Memphis sank further into poverty last year, reclaiming its status as the nation’s poorest large metropolitan area, and the long-standing economic gulf between races widened even more, reports the Commercial Appeal, citing an analysis of census data by a University of Memphis researcher.

The poverty rate for the eight-county metro area ticked up from 19.3 to 19.9 percent, making it the poorest among metro areas with populations of at least 1 million, and the rate within Memphis city limits rose from 27.2 to 28.3 percent, according to figures compiled by Elena Delavega, assistant professor of social work. Memphis also had had the highest poverty rate among large metro areas in 2010, but New Orleans had taken over that distinction the following year.

The problem remained greatest among children, with just under 30 percent of the metro area’s under-18 population living in poverty. That rate also was the highest among large metro areas.

Embedded in the new figures was a continuing dichotomy: African-Americans in Memphis and Shelby County have higher poverty rates than the state and national averages for black people, while local non-Hispanic white residents have lower rates than those for the white populations of Tennessee and the U.S.

In fact, the poverty rate for white residents in the city and county declined for a third straight year to 11.9 and 8.7 percent, respectively, while rates for black people — 33.6 percent in the city and 30.3 percent countywide — remained virtually unchanged. Among Hispanic residents, the poverty rate was 43.1 percent in Memphis and 35.6 percent countywide.

More TN Kids Growing Up in High Poverty Areas

One in every eight Tennessee children is growing up in a high poverty community, according to data snapshot released this week by the Annie E. Casey Kids Count project.
More from the News Sentinel:
“The concern is there are reduced opportunities they have to be successful in school and in life,” said Linda O’Neal, executive director of the Tennessee Commission on Children and Youth.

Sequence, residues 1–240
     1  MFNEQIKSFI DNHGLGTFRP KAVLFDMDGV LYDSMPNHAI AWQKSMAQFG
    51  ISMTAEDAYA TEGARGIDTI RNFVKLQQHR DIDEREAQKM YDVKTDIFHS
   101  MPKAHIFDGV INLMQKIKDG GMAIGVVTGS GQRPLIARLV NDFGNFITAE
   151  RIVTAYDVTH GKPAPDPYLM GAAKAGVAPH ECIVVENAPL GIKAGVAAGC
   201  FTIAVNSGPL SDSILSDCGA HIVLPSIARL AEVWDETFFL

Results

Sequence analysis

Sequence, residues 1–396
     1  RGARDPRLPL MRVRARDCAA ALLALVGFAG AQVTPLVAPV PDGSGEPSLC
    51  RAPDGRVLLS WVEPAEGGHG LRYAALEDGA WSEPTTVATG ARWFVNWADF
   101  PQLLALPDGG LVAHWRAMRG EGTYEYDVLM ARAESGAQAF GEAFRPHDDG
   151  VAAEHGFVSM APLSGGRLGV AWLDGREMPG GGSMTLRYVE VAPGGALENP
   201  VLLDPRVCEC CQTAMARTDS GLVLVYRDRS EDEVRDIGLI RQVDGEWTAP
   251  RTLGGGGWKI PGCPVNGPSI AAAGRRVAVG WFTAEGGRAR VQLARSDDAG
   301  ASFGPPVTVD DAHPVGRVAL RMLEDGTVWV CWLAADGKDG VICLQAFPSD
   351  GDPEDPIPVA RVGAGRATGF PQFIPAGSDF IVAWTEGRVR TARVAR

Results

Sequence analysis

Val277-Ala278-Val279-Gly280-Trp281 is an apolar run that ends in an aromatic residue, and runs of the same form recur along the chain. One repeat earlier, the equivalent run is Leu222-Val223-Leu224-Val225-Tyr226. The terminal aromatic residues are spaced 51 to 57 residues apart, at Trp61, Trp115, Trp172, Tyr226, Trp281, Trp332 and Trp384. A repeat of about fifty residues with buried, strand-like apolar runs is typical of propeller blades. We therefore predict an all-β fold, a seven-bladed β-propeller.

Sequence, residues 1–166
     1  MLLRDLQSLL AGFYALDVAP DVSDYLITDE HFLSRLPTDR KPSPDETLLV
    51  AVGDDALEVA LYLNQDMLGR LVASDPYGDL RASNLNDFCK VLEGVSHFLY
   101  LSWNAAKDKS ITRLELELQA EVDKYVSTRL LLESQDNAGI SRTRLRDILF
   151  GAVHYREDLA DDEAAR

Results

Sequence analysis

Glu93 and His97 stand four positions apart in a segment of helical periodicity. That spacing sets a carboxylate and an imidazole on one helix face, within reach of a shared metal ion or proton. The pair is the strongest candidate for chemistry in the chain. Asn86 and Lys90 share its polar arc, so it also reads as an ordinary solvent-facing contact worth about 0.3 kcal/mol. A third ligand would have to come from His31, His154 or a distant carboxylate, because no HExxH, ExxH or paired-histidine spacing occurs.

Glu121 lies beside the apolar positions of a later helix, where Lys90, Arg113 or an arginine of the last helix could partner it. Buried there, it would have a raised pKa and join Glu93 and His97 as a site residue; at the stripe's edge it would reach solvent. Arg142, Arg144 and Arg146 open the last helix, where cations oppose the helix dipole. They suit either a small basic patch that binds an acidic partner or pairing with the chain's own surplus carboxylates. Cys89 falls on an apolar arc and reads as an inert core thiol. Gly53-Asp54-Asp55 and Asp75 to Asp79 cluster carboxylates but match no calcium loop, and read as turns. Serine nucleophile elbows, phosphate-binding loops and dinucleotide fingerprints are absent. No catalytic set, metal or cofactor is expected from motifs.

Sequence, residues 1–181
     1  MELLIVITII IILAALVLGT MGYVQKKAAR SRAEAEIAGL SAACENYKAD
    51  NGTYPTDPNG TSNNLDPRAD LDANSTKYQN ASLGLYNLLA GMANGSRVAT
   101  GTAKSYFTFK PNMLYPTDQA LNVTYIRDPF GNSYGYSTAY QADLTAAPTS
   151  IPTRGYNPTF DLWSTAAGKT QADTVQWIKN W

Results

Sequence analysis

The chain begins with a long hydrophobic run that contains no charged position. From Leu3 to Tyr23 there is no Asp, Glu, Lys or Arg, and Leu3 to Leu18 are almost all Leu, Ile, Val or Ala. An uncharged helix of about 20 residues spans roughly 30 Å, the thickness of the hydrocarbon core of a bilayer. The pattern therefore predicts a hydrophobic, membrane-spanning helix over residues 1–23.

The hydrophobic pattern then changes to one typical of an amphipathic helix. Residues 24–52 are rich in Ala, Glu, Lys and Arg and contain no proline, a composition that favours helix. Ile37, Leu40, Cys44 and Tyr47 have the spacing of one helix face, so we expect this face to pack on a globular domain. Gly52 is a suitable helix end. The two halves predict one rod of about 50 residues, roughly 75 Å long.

….The report — which highlights newly available national, state, and city data from the U.S. Census Bureau’s American Community Survey — found that one-fourth of Tennessee children live in poverty.
The snapshot indicates how high-poverty communities are harmful to children, outlines regions in which concentrated poverty has grown the most, and offers recommendations to address these issues.
O’Neal said her agency is familiar with the numbers but was surprised to see that the number of children in concentrated poverty areas had doubled since 2000.
From 2006 to 2010, about 200,000 Tennessee children lived in concentrated poverty areas, or communities where 30 percent or more of the children live in poverty.
O’Neal said she believes that is because of the effect of the recent recession and the state’s high unemployment rate.
One of the things that sets Tennessee apart from other states, she said, is its poverty is in both urban and rural areas of the state, from Memphis and Nashville to the Appalachian community

Census Data: Memphis Poorest Metro Area in the Nation

With nearly one in five residents stuck below the poverty line, metropolitan Memphis ranks as by far the most impoverished large metro area in the nation, according to new census figures reported by the Commercial Appeal.
Of the 1.3 million people in the eight-county metro area, an estimated 246,265 — 19.1 percent — lived in poverty last year, according to figures released Thursday from the Census Bureau’s American Community Survey.
That poverty rate, although a slight improvement from the 19.4 percent estimate for 2009, was the highest among the 51 U.S. metro areas with populations of at least 1 million. Metropolitan New Orleans, with an estimated 17.4 percent of residents living in poverty, had the second-highest rate.